60. There are stretches of big fun in Big Trouble, and little pleasures too.
  61. Is it, you know, fun? At times. Yet there's a rote quality to the way this half-dumb, half-sly movie resolves itself into an intentional debauch, a pileup of villainy and heavy metal. The only California dream it leaves you with is one of wretched excess.
  62. The plot and script sag like worn out chew toys just when Cats & Dogs should be in full squeak.
  63. Never harmonizes into a cinematic experience any more resonant than the average, manly, why-we-fight pic, or coalesces into a stirring cry for freedom.
  64. Efficient, uninspired sequel.
  65. One by one, each scene goes slack as the script struggles with Screenwriting 101 problems like who the main character is and what he wants -- not to mention why any of us should care in the first place.
  66. The movie should have been called Diary of a Wimpy Forrest Gump. It's genuinely soft-hearted (you're all but guaranteed to cry) but mush-brained, too.
  67. The big goofball relies too much on the funny hair and swingin' postures of the era as punchlines in themselves.
    • 47 Metascore
    • 42 Critic Score
    Jackson is the best thing here.
  68. Calculatedly soppy, seasonally phony Americanized remake of Giuseppe Tornatore's 1990 "Stanno Tutti Bene."
  69. He does an okay imitation of his father's languidly matter-of-fact dreamscapes, but it's hard to deny that a certain vitality is missing in Tales From Earthsea.
  70. The depth of the story and the characters is awfully slight to bear the weight of such fancy editing. But the performances are crisp and in focus, with Cox in particular showing a photogenic feel for expressing grief.
  71. That Just Like Heaven succeeds at all - at least for teenage girls with limited interest in the drafting of living wills - is due entirely to Witherspoon's can-do charisma.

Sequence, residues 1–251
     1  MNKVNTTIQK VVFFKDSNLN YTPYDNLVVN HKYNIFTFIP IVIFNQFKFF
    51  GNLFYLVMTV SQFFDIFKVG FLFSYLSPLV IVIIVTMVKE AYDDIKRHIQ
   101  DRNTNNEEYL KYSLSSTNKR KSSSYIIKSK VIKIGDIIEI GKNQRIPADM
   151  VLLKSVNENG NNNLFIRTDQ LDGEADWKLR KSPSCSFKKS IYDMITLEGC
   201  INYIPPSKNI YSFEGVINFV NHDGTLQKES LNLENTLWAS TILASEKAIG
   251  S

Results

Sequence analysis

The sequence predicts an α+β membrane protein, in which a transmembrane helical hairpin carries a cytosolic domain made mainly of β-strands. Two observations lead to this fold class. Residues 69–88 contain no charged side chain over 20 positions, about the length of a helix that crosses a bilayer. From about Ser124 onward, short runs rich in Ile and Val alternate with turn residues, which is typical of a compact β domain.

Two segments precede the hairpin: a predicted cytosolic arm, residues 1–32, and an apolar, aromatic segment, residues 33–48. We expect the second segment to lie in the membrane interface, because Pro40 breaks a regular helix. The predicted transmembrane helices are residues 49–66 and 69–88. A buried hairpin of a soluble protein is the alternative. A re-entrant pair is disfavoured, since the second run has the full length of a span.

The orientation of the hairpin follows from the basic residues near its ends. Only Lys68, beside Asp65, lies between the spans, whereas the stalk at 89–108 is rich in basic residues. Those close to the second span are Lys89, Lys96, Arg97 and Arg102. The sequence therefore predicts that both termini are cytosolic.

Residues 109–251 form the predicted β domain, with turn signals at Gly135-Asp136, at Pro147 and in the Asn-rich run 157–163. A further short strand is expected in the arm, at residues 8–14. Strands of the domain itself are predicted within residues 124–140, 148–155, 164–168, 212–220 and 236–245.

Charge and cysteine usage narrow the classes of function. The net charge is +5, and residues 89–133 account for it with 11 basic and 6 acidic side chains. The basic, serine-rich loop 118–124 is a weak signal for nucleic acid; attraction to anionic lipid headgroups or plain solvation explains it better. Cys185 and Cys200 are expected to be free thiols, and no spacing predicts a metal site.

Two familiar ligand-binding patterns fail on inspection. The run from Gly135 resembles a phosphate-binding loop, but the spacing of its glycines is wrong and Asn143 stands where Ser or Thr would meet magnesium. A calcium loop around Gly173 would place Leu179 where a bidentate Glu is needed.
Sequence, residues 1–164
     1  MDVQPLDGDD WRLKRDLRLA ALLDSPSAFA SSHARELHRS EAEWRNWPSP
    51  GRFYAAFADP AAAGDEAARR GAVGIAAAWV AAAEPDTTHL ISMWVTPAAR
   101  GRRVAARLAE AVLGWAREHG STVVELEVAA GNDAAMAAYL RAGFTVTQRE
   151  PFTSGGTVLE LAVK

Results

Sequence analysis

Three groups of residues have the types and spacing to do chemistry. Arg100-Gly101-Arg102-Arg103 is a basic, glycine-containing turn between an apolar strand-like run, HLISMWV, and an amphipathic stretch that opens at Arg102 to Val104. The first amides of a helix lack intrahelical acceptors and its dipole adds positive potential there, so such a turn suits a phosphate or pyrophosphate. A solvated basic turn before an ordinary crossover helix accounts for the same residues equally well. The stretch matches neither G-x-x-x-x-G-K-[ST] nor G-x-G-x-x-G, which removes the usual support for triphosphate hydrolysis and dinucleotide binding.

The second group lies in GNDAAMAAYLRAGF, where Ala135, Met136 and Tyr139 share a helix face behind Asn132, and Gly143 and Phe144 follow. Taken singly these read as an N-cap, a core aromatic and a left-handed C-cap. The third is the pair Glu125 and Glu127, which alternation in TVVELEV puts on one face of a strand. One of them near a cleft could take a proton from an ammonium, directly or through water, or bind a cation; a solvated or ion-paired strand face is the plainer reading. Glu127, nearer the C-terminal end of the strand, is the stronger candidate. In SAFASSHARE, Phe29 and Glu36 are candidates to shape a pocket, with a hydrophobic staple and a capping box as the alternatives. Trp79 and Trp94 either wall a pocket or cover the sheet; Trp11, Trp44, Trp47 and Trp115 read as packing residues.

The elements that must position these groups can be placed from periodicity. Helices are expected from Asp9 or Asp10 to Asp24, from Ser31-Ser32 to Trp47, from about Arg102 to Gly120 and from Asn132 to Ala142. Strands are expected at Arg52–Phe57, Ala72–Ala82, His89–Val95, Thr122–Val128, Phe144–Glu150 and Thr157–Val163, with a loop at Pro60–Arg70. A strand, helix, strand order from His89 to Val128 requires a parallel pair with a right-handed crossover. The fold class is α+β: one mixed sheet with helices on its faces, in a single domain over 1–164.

72. The whole movie is a diversionary activity. It's trash so compacted it glows.
  73. Argues on behalf of the Darwinian theory that all of life imitates high school...But the argument is only halfhearted. Just Friends is much more interested in - and hilarious about - the small nostalgias of suburbia.
  74. Yet despite its promising pedigree, Dangerous Minds has a slick, syrupy fraudulence -- it's like an Afterschool Special made for MTV.
  75. A highly calculated act of mischief that sounds like a stunt cooked up for Howard Stern's radio show.
  76. While we can agree, for the sake of Iberian-American cinematic friendship, to go along with the whole simplified 1960s swinger premise and ''The Jackie Gleason Show'' choreography, we can also long for the comparatively nuanced 1990s swinger premise of ''Friends.''
  77. The ethical, independent-minded kid has his unhip charms, and so does Hey Arnold! The Movie.
  78. The frustration of this good-hearted, off-key warble of an indie, written by Rose with Robert Cary, who directed, is that the filmmaking pales when compared with the classic elements of 1950s and early '60s romantic musicals to which it pays homage.
  79. There’s never any doubt that this will end badly for the lovers. But just in case, Jessica Lange as the fire-breathing mother-in-law seals the deal.
  80. It's the showy story, script, and even staging that wear a fella out in this relentlessly precious feature debut by writer-director Jordan Roberts.
  81. It has been put together with just enough efficiency to qualify as an oddball labor of love.
  82. The dilemma of The Dilemma is that the conundrum at the center of the story isn't particularly hilarious.
  83. Jon M. Chu (several Step Up movies) has taken over directing duties from Louis Leterrier, and he has a lighter, goofier touch. He seems to get that the silliness is baked in.
  84. Payback is a thriller so mean and degraded it carries a low-down, vicious charge. Sadism is its only real subject, and its only real life as well.
  85. Figgis never frees the play enough from the stage to fill the screen.
  86. Director Betty Thomas demonstrates her expertise at keeping indulgence at bay in even the coarsest of comic situations.
  87. In a movie like this one, a little madness is its own Holy Grail.
  88. As long as it stays in the air, Red Tails is a compelling sky-war pageant of a movie. On the ground, it's a far shakier experience: dutiful and prosaic, with thinly scripted episodes that don't add up to a satisfying story.
  89. If I Stay never bothers to go after authenticity when there's a cliché hovering nearby. That may not be enough of a drawback to prevent teenage audiences from lapping up the movie with a spoon, but they certainly deserve better.
  90. Writer-director Oskar Roehler spends all his energy on cataloging ''outrageous'' behavior, and none on giving the transgressions any meaning.
  91. It's young-Hollywood-driven business as usual in this derivative, nasty, and ultimately empty drama.
  92. Union, who looks so chic and can talk so bitchy-funny, doesn't so much establish a character as roll out a series of attitudes. That's all she's called on to do. That's all anyone is called on to do: Be very tame, and make much ado about zilch.
  93. Ryan radiates neither desire nor terror. She's freeze-dried in a world of lifelessly abstract feminine fear, and so is the movie.